Two officials, speaking on condition of anonymity because they were not authorized to discuss the case, said no final conclusions have been made in the case. In recent weeks, however, investigators have grown more skeptical that 51-year-old Bill Sparkman died at the hands of someone angry at the federal government.
The officials said investigators continue to look closely at suicide as a possible cause of Sparkman's death for a number of reasons. There were no defensive wounds on Sparkman's body, and while his hands were bound with duct-tape, they were still somewhat mobile, suggesting he could have manipulated the rope, the officials said.
Sparkman's naked body was found Sept. 12 hanging from a tree yet in contact with the ground in a remote patch of the Daniel Boone National Forest near Manchester, Ky.
The strange case attracted national attention when it first came to light, prompting worries that it may be a sign of increased anger toward the federal government in the first year of Barack Obama's presidency.
Authorities say Sparkman died of asphyxiation where his body was found.
A spokesman for the FBI's Louisville field office declined to discuss any aspects of the case.
Capt. Lisa M. Rudzinski, commander of the state police post in London, declined to confirm that there was any new focus in the probe.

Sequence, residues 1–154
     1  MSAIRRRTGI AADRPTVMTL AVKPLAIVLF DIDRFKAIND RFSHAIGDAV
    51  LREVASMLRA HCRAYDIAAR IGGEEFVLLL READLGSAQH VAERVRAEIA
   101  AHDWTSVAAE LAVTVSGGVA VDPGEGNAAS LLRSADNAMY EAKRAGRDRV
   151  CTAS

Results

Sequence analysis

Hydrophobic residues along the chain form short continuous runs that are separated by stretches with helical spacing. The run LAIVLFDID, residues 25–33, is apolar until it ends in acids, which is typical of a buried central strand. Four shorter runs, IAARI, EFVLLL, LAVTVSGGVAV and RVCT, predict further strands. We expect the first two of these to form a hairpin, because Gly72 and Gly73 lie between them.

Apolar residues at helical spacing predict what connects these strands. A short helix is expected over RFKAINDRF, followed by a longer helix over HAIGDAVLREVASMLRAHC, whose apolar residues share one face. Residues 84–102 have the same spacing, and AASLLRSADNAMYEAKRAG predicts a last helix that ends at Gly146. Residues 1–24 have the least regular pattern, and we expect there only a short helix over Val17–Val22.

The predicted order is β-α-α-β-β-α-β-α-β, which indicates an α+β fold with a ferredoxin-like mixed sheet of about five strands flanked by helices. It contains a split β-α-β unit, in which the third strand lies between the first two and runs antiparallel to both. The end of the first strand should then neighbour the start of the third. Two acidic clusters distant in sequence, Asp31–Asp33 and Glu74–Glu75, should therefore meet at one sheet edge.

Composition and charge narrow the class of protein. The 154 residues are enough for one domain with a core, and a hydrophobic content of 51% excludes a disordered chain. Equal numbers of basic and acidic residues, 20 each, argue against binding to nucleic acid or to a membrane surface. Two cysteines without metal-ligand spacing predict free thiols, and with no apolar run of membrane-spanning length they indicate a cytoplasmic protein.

"The Kentucky State Police are continuing to investigate the death of William Sparkman and have yet to determine whether it is homicide, suicide or accidental," Rudzinski said. "The investigation is continuing."
If officials do determine Sparkman did not die because of his government work, that would likely mean a less prominent role for the FBI in the investigation, assisting the Kentucky authorities but not preparing to bring a case to federal court.
Sparkman's adopted son has been adamant the case is murder, and he is not alone in that opinion.
Jerry Weaver, one of the people who found the body during a gathering at a family cemetery, remained certain the death was a homicide. Weaver told The Associated Press this week that he recalled Sparkman's hands being close together.
Weaver also said the rope, which he described as thin like a clothes line, was wrapped around the high branches of two different trees as if for leverage. Sparkman's truck was found nearby, and Weaver said he saw Sparkman's clothes in the bed of the truck and a census worker placard sitting on the dashboard.
Weaver had previously told the AP that the body was naked, bound at the feet and hands, and gagged. He didn't see the word "fed" on the chest but did notice there was an identification tag taped to the side of his neck.
"He was put on display," Weaver said.
A friend of the dead man said he seemed as chipper as ever in the days before his death.
Gilbert Acciardo, a retired Kentucky state trooper who directs an after-school program at the elementary school where Sparkman was a frequent substitute teacher, said he spoke with Sparkman two or three days before he died and saw no signs that he was upset about anything.
"He was the same Bill Sparkman I always had contact with," Acciardo said. "I didn't notice any change in mood or behavior. He came bouncing in like he always did, with a smile on his face, cutting up with me."
Sparkman's body has been released for cremation, but Rudzinski, the state police commander, said authorities are still waiting to analyze some forensic evidence in the case.